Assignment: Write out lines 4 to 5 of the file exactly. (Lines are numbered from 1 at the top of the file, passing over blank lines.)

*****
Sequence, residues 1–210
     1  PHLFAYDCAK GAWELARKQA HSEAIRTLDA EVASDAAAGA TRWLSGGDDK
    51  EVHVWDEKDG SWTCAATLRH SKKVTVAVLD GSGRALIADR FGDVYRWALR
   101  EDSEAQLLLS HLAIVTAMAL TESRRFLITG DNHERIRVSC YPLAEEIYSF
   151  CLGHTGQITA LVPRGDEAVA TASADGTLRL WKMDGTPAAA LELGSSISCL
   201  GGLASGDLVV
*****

   101  EDSEAQLLLS HLAIVTAMAL TESRRFLITG DNHERIRVSC YPLAEEIYSF
   151  CLGHTGQITA LVPRGDEAVA TASADGTLRL WKMDGTPAAA LELGSSISCL